Just past noon on Saturday at the recently-concluded New York Comic Con, I saw (from the corner of my eye) the back of Ryan North’s head at the BOOM! booth as he was signing Adventure Time comics and I was speaking with Ananth Panagariya and Yuko Ota. I blinked but a moment and Ryan North was gone. You would think that a 2 meter tall man couldn’t disappear, even on a crowded show floor, but he did, as if he was never there in the first place. Filing this away for future reference¹, I said my goodbyes to Ota and Panagariya and made my way down into the bowels of the Javits Convention Center.
In the pleasantest of surprises, I found that the death crush of people moving to and from panel rooms had been largely alleviated by specific lining-up corrals, and that the hazards of years gone by were gone. I was able to walk freely to the vicinity of the line for Room 1A8, where I found Kate Beaton and Chris Hastings chatting with fans near the front of the line. A short while later we would enter the room along with Beaton and North’s agent (and the panel’s moderator), Seth Fishman — although North had not appeared. On the dais, there was a brief flurry of consternation, wondering how a 2 meter tall man could be hidden under any circumstances, and the possibility that a substitute Ryan might have to be somehow procured². Fortunately, North appeared both in the room and unconcerned as he casually glanced at his phone and noted that five minutes remained until the start of the panel and sat at the table.
The panel itself (titled Beyond The Webcomic) dealt with past, present, and future creative eandeavours, and took a focus on how webcomics have changed rapidly in the time they have existed, and so a creator that wishes to keep creating must adapt into other areas as well. Rather than try to provide a transcript or recap, I’m going to give you some choice quotes and exchanges from the hour, roughly in chronological order.
Comics is the only thing I have complete autonomy with, so it’s the first thing on the chopping block. — Beaton on the prioritizing of comics vs other projects when time is tight.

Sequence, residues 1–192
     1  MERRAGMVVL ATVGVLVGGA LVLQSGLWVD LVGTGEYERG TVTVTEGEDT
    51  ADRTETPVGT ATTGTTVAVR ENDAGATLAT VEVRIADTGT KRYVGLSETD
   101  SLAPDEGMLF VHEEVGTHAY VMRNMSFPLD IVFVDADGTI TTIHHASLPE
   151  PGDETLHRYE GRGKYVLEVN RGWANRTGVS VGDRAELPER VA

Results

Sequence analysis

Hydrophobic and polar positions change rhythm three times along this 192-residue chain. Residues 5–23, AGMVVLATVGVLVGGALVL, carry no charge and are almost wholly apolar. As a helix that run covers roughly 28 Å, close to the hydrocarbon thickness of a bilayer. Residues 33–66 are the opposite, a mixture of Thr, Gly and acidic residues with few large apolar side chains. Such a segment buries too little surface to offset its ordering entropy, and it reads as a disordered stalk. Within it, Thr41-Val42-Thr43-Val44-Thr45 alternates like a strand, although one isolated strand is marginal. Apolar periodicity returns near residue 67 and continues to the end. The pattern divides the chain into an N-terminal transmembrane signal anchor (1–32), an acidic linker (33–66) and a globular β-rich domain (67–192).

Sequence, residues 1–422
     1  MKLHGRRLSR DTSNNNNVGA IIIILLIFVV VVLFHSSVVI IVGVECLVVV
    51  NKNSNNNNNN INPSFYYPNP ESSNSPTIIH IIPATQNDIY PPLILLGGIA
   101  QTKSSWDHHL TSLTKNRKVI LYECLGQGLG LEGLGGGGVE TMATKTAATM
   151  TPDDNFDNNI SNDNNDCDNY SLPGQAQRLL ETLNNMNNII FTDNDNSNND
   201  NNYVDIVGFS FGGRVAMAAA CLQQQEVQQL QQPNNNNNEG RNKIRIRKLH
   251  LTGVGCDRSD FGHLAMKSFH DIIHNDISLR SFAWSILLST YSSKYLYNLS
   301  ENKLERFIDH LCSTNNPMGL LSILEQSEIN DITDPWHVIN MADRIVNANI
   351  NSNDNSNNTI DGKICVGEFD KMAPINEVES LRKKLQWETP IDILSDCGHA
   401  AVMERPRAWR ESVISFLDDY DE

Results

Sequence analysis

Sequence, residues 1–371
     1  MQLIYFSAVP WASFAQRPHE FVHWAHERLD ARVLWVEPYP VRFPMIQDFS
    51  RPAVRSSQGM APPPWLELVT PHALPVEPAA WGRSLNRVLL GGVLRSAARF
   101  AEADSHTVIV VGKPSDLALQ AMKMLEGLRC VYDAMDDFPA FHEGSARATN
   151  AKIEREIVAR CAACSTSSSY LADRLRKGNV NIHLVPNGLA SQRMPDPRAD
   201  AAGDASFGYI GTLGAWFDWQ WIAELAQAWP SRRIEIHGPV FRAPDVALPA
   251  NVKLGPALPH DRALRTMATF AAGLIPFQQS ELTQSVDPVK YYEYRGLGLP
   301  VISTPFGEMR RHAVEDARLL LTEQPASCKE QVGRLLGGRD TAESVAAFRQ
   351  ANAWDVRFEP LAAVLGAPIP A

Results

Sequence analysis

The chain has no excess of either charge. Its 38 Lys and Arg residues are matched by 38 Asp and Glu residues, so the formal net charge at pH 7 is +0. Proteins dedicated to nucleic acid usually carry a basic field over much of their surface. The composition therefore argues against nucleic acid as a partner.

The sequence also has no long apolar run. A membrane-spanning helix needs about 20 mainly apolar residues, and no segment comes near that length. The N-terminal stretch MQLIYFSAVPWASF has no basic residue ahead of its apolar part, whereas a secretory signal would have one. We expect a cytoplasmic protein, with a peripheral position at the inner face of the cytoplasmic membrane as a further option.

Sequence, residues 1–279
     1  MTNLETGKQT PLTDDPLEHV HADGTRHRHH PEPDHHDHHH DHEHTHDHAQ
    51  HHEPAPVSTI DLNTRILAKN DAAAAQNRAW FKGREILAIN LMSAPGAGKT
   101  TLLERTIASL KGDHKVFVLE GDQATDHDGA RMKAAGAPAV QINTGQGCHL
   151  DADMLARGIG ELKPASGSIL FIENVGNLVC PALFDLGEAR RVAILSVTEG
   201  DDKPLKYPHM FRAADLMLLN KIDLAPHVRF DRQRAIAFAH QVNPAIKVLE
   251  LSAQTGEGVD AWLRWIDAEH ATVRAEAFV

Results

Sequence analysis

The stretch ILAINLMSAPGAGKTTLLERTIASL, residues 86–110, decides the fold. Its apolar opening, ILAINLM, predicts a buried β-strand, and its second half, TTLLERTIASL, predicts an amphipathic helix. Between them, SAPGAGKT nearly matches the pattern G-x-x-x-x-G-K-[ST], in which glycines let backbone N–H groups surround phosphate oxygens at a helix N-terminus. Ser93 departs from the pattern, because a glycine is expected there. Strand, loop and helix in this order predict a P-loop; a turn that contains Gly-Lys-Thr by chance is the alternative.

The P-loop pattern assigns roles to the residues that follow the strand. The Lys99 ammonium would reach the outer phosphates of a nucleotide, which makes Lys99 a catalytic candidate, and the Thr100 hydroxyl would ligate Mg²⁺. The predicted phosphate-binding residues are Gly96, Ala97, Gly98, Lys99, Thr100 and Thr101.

In response to a question from Fishman about projects they regret not being able to do, due to time:
I said no three times in the same day about two weeks ago and I felt like a jerk but it was also empowering? — North on not being able to do everything.
This is fun, thinking of stuff I regret. I was going to do a McNinja Choose Your Own Adventure book; Ryan was doing Hamlet at the same time³ and we were going to have a crossover in our books. But then I realized his was a million times better and I dropped it. — Hastings, followed immediately by:
Oh my god. It was my fault? — North.
I was going to so something with Time’s blog, I would have had access to all their archives and photo references, but it fell right when I was moving from New York to Toronto. I don’t regret it, but it would have been cool. When I first started getting offers I felt like I had to say yes to every offer, because what if they never offer anything again? But if the work is good, the offers will always be there. — Beaton.
What they’re working on or have coming up:
I have a book deal with Scholastic, I’ll be doing picture books for kids, and there’s a pony in it. [signs contract] — Beaton, as recounted yesterday.
Success in comics is amazing and I don’t completely trust it … so I’m very interested in exploring these other avenues. — Beaton again, following up on why she’s doing so many non-comics projects these days, most of which she can’t tell us about yet.
Coming up next is Longshot Saves the Marvel Universe, I just got in the final script and the first issue went to press this week. It releases starting in November every other week, so you get all four issues pretty quick. I’m about to announce the Kickstarter for a Dr McNinja card game. I’m also working on Galaga with Ryan … it’s a very corporate webcomic. They don’t make ANY money on it, they don’t even TRY. They just pay us. — Hastings, on what is best in life.
The new thing is Midas Flesh, which will be coming out soon. [North was interrupted and asked to recount how he came to work with BOOM]. The BOOM origin story is they emailed me asking if I wanted to write Adventure Time and I said yes.
Well, first I emailed my wife to ask if I could do it, not asking permission, but asking if I was capable of it and she said yes. The other thing is the sequel to Hamlet, which will be Romeo And/Or Juliet. — North.
On being asked about their dream project:
I’d like to write a movie. — Hastings.
I’d kind of like to write a computer game. I also have a pitch for the first half of a Back to the Future reboot but I don’t want to be the guy that people say You ruined my childhood. But you know that somebody’s going to remake it and I just don’t want it to be horrible. — North.
Is Strickland going to be in it? — Hastings.
Absolutely! It’s all about Strickland. He doesn’t age. — North.
I’ve been talking to the National Film Board of Canada about doing something with them. I don’t have time for it now, but I’m sure the opportunity will come around sometime. — Beaton, on the very real possibility of working with a beloved Canadian institution.
¹ I must think deeply on how this incorporates into my theory that Ryan North actually died last December and has had his mighty spirit occasionally contained within an artificial shell ever since.